## Every answer to statistical problems lies within RSD

As I was teaching class the other day, I told the students I was going to reveal to them the one secret they needed to learn to understand every statistical test they would ever use. The secret was the one thing that would make statistics more of a reasonable science than a bunch of equations to memorize, the one thing they needed to pass my class. (OK, there is a lot more needed to pass the class, but without this one thing doing so is a lot harder.)

## You must balance risk and benefits when determining acceptability.

So I thought I was done with measurement system analysis after my last column, but I just finished reading Don Wheeler’s June 1 column, “Is the Part in Spec?” and the first thing I thought was, “Well, that was… complicated and ultimately unhelpful in answering the article’s title question.” I like a diversity of viewpoints, but they have to make sense. Does Wheeler’s? Let’s take a closer look.

## Can they co-exist?

We have recently covered a lot of ground on the topic of measurement system analysis (MSA). We talked about the basics of MSA, the potential study, the short-term study, and the long-term study. At this point you should have a pretty firm foundation in the importance and methods of good MSA studies for your research and production, as well as a practical tool to help you in doing measurement system analysis—the file "MSA Forms 3.22.xls" (gauge repeatability and reproducibility worksheets)— which is a free download from Six Sigma Online. In this article, I am going to tie up some loose ends and then talk about a frequent question, “Is MSA even possible with a destructive gauge?”

## Testing through time stability

Ahh, measurement system analysis—the basis for all our jobs because, as Lord Kelvin said, “… When you cannot measure it, when you cannot express it in numbers, your knowledge is of a meager and unsatisfactory kind.” How interesting it is then, that we who thrive on data so frequently don't have any proof that the numbers we're using relate to the event we are measuring—hence my past few articles about the basics of measurement system analysis in “Letting You In on a Little Secret,” on how to do a potential study in “The Mystery Measurement Theatre, and on how to do a short-term study in “Performing a Short-Term MSA Study.” The only (and most important) topic remaining is how to perform a long-term study, which is the problem I left with you last month.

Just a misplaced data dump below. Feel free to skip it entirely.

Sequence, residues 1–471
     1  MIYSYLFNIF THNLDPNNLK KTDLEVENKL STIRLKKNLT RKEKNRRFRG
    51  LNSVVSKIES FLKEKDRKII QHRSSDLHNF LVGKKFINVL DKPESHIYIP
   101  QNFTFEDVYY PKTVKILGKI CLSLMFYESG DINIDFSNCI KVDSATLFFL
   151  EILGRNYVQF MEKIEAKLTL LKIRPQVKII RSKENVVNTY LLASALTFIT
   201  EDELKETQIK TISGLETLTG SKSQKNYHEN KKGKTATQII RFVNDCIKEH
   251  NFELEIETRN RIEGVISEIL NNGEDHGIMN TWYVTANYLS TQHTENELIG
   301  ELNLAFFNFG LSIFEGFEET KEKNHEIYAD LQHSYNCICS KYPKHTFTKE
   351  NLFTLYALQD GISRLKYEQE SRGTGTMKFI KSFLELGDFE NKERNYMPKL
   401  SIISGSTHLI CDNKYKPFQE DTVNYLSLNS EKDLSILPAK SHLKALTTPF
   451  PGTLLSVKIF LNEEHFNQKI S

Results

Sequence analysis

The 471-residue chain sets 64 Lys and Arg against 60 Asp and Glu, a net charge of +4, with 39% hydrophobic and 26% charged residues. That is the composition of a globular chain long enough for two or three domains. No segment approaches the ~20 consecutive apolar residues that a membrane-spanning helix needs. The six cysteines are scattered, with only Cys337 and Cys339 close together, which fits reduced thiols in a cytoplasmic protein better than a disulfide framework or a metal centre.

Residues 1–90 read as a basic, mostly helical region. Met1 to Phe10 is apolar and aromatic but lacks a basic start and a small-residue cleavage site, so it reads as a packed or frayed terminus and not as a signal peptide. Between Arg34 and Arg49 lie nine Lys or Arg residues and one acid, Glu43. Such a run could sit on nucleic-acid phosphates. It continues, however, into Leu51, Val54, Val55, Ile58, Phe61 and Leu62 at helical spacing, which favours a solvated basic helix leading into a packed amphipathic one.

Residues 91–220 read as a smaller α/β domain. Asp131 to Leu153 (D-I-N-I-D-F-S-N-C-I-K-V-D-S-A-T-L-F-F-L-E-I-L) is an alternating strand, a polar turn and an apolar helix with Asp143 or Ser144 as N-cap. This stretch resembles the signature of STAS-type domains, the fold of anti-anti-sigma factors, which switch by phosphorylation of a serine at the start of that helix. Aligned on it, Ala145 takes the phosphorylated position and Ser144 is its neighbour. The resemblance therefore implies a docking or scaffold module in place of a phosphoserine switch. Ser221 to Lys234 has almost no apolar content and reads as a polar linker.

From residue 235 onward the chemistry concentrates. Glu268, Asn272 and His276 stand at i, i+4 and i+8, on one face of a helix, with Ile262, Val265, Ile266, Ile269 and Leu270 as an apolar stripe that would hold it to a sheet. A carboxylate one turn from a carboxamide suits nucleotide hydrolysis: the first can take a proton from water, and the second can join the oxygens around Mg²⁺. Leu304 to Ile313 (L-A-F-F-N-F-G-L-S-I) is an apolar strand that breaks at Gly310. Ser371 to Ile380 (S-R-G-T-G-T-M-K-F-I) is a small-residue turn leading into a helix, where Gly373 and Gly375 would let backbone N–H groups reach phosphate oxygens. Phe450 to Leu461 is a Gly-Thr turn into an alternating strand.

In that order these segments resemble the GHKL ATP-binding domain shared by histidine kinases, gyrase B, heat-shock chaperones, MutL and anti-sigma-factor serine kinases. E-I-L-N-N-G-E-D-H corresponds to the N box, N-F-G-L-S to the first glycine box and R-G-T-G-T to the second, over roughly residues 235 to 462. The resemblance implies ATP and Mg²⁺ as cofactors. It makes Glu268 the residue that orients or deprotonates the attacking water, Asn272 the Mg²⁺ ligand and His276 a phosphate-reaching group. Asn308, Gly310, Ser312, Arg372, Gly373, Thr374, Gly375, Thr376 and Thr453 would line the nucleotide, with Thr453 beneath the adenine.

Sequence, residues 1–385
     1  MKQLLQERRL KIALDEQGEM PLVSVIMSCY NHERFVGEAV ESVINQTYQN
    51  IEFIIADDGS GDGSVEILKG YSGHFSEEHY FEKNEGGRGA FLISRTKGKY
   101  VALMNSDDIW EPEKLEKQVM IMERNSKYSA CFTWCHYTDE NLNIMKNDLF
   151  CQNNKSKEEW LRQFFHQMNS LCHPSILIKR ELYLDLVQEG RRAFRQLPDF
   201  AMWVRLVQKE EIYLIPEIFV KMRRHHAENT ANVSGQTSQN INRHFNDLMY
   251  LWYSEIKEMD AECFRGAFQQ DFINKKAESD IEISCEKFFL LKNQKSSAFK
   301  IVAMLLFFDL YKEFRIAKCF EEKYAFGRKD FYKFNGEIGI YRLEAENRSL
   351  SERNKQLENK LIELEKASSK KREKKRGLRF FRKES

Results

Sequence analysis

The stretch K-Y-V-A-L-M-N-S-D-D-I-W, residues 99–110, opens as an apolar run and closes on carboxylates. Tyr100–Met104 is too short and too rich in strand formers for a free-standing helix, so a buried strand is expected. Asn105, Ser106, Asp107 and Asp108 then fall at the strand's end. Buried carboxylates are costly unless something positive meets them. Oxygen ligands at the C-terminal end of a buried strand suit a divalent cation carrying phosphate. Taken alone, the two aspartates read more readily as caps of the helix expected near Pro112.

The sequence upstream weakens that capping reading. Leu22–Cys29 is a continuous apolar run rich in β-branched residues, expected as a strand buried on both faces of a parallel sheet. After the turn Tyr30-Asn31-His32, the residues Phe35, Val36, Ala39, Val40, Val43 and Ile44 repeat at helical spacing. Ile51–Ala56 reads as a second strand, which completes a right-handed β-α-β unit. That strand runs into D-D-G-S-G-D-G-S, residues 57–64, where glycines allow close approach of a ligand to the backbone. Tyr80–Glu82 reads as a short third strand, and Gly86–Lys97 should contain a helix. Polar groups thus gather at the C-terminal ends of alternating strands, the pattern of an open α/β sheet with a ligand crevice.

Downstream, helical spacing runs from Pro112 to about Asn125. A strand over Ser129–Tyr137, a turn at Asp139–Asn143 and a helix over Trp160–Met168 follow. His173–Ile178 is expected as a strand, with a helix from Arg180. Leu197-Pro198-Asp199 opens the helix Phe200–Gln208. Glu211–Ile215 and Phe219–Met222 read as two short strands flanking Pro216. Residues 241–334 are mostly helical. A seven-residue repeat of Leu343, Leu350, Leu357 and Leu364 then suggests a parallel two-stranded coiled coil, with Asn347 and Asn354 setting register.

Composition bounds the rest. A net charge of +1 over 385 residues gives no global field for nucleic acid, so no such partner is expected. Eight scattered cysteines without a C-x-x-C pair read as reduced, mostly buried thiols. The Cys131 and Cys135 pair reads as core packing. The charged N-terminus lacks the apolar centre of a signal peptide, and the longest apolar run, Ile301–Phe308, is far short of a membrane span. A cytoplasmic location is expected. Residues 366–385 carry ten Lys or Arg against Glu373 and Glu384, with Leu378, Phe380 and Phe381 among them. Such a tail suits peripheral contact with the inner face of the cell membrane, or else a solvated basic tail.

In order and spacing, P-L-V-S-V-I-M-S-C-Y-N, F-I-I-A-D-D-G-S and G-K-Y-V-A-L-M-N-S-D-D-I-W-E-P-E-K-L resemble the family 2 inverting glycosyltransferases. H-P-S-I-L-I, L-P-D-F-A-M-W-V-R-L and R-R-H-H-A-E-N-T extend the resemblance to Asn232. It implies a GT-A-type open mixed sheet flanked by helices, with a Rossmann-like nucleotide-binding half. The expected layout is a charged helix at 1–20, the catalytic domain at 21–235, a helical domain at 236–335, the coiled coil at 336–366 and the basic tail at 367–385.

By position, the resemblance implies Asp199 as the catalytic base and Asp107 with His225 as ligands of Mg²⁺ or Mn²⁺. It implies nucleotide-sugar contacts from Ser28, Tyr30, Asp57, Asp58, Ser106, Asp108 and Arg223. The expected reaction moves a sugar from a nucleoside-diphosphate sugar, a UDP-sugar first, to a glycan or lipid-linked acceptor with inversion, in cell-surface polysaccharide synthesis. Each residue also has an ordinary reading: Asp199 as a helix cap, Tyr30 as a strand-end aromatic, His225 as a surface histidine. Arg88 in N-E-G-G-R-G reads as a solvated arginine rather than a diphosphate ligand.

So read on to see how.

## Gauging your conformance decisions

n the past couple of articles, we have been having fun together testing whether a measurement device is usable for the crazy purpose of determining if we are actually making product in or out of specification. Last month, we performed a measurement systems analysis (MSA) “potential study” using a snazzy MSA spreadsheet (if I do say so myself)*. We found that the Hard-A-Tron was not only pretty highly variable (compared to our spec), but that the material we were measuring actually might have been changing over time. But a potential study was not enough for you, was it? You asked, nay demanded, that we perform a short-term MSA, and I, your humble servant, gave you the data to do so. After the jump, we will perform the analysis, so unless you are the type of person that flips to the back of the book to see if you want to read it, finish up your analysis, and then click to read more.

## Determining sources of variations

if you can’t trust your measurement system, you can’t do anything with the data it generates. Last month, in “ Letting You In On a Little Secret,” we talked about the purpose of measurement system analysis (MSA) and I gave you a neat spreadsheet that will do MSA for you, as well as some data (repeated after the jump) from the gauge you want to buy, the Hard-A-Tron. I also left you with a mysterious statement that this study was trickier than it appeared. This month I’ll start off answering a question I received, and then we will see how well the Hard-A-Tron did—and what mysterious thing was going on in the data. After that, if you are good, I’ll give you another set of data to further test a measurement device.

## 'Cause I’m a nice guy, I’m going to give you articles that explain the basics of MSA.

You know how sometimes you think everyone knows a secret that they haven’t let you in on? Well, I had the opposite happen to me the other day. I assumed everyone knew the purpose for measurement system analysis (MSA), a.k.a. gauge repeatability and reproducibility; but I found out that a number of people have a completely mistaken impression of what they are for, much less how to do them correctly. So I thought I would give away, (free of charge) articles that explain the basics of MSA, as well as a cool MSA spreadsheet to help you learn how to do them, just because that’s the kind of guy I am. Selfless. And humble. Yep.